At the depth of my frustration, I was introduced to a recently retired U.S. Army major general. We became friends as we contemplated the changes in our lives. As expected, he was getting job offers from major corporations, but to my surprise, he expressed an interest in working with us. To put this in context, by the end of his military career, he had 50 generals and 50,000 troops under his command, and we had only 50 employees. I asked why he wanted to work for us, and he said, “Throughout my career, I always knew my mission, which was to defend democracy. When I retired, I thought that mission had ended until I saw what you do. You defend democracy by defending the integrity of the voting process.”
The few minutes it took for him to explain this to me were pivotal, totally changing the way I thought about running my company. I realized that as CEO, I had to imbue in my team the belief that what we do is inherently tied to mission. It’s vitally important work that supports democracy. We do it at the ballot box by ensuring the American voting process can be trusted. That’s our job; it’s how we “defend democracy.”
When I looked at mission this way — as the glue that could bind our company together and propel us toward a bright future — it took on new meaning. It began to drive everything we did to rebuild the company. It became part of our DNA.
Now all of our employees understand our shared mission, and our managers continually reinforce it in participative ways that engage our workers. Moreover, it means we have to find ways to make sure we do everything right.
For example, anyone on our team of now nearly 90 people can call for “a hansei moment.” Hansei is part of a 16th century Japanese Buddhist/Zen concept related to the Japanese notion of kaizen, the quest for constant improvement. Finding problems is actually something we celebrate because hansei is about identifying one and finding a solution. There’s no finger pointing, blame, or stigma attached to admitting a mistake when an employee calls for a hansei moment. The “moment” can take place on the production floor, in an office, or at a lunch table. Doesn’t matter. The goal is to look at something that went wrong, determine how to make sure it doesn’t happen again, and implement the appropriate new process or procedure.
Most hansei moments are small and involve only a few people. Those of us in management are often unaware of them because our team members know they can make changes on their own. One recent example involving a large group was a presentation we made to a prospective customer wherein everything went wrong. The presentations were stiff and disjointed, the videos didn’t get played, and the demonstration press samples were out of register. All in all, we looked bad. A couple days later, all those involved, including the management team, had a hansei moment. We dissected all the things that went sideways, agreed on a better approach, and invited the customer to give us a second look. We admitted our mistakes, and we won the contract. The point with hansei is that every problem, anything that doesn’t go according to plan, has a solution. And it is our job — our duty — to understand the cause and find a solution. It’s how we get better.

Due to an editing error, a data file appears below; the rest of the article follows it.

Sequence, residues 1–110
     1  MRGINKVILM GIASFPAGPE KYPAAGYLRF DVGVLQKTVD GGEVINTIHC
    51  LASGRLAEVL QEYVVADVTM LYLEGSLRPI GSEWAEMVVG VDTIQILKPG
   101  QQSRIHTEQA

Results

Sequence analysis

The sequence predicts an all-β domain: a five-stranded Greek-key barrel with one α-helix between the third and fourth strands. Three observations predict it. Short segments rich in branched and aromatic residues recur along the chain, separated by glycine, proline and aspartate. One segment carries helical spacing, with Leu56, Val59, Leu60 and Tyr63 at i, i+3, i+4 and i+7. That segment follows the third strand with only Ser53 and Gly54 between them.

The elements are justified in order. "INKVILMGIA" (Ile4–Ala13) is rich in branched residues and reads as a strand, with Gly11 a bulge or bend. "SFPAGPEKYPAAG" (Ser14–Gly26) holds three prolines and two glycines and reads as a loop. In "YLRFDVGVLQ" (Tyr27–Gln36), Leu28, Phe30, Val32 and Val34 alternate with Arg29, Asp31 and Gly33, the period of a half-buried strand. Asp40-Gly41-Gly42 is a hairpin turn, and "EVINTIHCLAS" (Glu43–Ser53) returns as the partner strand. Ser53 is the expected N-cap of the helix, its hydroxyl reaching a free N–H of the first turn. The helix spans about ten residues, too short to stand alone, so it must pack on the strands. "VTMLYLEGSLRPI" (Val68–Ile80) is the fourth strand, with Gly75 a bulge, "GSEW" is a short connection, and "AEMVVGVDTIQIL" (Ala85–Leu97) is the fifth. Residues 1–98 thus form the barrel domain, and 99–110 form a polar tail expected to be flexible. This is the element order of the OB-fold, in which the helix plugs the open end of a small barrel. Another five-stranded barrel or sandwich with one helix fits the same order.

Ironically, we had been using hansei in some minor ways in 2014, but it wasn’t part of our overall approach to running the company. So even though some employees knew certain decisions made by their managers at that time might cause problems, their concerns were ignored. Their managers weren’t receptive to addressing them. As a result, even though the actual size of our mistake was relatively small and was addressed, we had still failed. Coming on the heels of successful elections in 2010 and 2012, our corporate pride took a big hit. Failure wasn’t something we were used to and knowing we could have avoided the problems had most people in the company discouraged.
In hopes of keeping everyone on board, I went personally to each employee, and we talked — about them, about the company, about how together we could make Runbeck Election Services a better and truly great place to work. I asked them for help. And everyone stayed. Then I went on the road to every customer. I apologized and asked for another chance to prove we were still worthy of their trust. And they rallied around us, too. Only one customer left us after our 2014 mistake. This broad display of trust was encouraging.
Looking in the Mirror
I believe that listening to and learning from people with different leadership experiences and perspectives is absolutely vital to creating a strong organization. It’s for this reason that our president, Jeff Ellington, and I belong to Vistage International, a group of business leaders that meets once a month with the goal of helping each other improve the ways we manage our respective businesses. One of the things we’ve gleaned from Vistage is that if you’re not looking in the mirror, you can’t see the problem. This may seem like a harsh dose of reality, but if you are a CEO or president who won’t acknowledge what your company is doing wrong, you aren’t going to be able to improve. Our connection with Vistage International also helped clarify our thinking by assuring us we weren’t alone. Others in the group had faced their own points of failure. Being CEO can be a lonely job at times and being able to talk openly with others in similar roles was a tremendous advantage then, as it still is today. One of the things I learned from Vistage members is to look for ways to be more efficient, to do more with less, or in the vernacular of our age, “to be lean.”